But hope springs eternal, and a potential millennial baby boom could be a solution to the lower workforce participation as Bank of America reported that sales of pregnancy tests have increased by an annual average of 13% since June 2020.
The latest version of Covid has sent concerns throughout the economy and markets. Our current thinking is the variant will not lead to an economic shut down, but potentially an economic slowing relative to severity.
From what we know now, this variant spreads quickly, but doesn’t appear to be deadly. Fed Chairman Powell recently stated inflation was not completely transitory and they may accelerate tapering. With the new strain peaking is ugly head, Powell may need to hold off on his planned acceleration.
These “shocks” to the market are great examples of why investors should not use an algorithm to manage their wealth. Financial theory relies on the assumption that investors are rational. The overreaction to Omicron and Fed speak, challenges those assumptions. Corporate earnings have looked great over the last year, and we think that could continue.
Please let us know if you would like further information on our thoughts on markets for the end of 2021 and into 2022. Thank you for your continued support.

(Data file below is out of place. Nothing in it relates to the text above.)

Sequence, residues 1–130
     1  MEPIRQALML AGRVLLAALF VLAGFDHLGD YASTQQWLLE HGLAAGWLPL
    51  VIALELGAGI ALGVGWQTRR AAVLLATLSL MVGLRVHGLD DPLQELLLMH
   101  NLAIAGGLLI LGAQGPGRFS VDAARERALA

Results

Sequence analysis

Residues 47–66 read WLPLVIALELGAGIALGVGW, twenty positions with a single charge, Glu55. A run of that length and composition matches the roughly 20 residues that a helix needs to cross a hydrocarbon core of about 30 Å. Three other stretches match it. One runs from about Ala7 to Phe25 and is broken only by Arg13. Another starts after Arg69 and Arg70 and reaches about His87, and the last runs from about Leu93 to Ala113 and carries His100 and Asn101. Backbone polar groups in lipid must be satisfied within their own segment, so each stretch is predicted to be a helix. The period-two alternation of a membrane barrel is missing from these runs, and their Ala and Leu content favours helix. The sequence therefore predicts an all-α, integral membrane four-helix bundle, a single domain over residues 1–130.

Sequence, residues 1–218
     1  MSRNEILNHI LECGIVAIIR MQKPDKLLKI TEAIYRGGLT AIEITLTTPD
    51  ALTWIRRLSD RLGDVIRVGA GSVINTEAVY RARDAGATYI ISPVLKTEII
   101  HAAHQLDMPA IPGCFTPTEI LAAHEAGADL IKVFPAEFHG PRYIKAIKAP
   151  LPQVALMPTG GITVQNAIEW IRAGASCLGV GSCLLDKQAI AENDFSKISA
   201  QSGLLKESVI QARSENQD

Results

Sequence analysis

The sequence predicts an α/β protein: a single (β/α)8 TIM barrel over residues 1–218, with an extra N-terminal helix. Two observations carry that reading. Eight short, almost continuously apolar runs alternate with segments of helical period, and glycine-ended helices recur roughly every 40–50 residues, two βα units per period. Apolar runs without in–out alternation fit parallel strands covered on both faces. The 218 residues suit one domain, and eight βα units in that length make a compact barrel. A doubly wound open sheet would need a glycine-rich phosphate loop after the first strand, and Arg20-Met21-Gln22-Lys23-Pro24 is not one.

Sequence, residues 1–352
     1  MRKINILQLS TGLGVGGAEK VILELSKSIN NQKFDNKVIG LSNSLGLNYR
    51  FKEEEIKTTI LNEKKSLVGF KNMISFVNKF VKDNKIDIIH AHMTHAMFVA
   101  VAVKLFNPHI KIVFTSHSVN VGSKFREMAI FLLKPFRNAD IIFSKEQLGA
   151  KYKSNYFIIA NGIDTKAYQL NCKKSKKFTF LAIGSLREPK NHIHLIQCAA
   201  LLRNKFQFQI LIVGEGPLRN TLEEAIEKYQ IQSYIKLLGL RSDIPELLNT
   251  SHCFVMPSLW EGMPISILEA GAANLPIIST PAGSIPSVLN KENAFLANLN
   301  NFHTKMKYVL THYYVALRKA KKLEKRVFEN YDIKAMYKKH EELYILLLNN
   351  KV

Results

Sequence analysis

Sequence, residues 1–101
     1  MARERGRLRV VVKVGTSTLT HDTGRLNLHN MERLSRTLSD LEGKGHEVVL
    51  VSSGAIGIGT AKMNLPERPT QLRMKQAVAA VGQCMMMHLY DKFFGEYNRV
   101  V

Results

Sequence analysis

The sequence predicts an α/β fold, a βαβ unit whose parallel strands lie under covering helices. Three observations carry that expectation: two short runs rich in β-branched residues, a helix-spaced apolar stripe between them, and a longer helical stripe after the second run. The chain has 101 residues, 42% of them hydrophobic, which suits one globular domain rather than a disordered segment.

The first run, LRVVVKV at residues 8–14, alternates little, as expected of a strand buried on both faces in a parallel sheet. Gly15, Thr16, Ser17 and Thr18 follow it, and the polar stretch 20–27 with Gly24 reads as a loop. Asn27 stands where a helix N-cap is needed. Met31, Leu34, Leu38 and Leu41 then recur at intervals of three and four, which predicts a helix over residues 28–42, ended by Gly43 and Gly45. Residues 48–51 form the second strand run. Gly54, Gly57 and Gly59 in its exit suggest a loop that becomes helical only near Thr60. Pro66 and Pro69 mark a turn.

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With Eric Frazier, Financial Advisor, Spinnaker Investment Group
What are the contribution limits for retirement accounts in 2021 and 2022?
The 2021 IRA contribution limits are $6,000 if you are under 50 and $7,000 if you are 50 and over. Those limits will be the same in 2022.
Your 2021 401k will have a limit of $19,500 if you are under 50 and $26,000 ($6,500 catch-up) if you are 50 and over. 401k contributions will jump in 2022 to $20,500 and the catch up will remain at $6,500 (total of $27,000).
Questions? Comments? Please don’t hesitate to contact us.
The information contained herein is based on internal research derived from various sources and does not purport to be statements of all material facts relating to the securities mentioned. The information contained herein, while not guaranteed as to the accuracy or completeness, has been obtained from sources we believe to be reliable. Opinions expressed herein are subject to change without notice.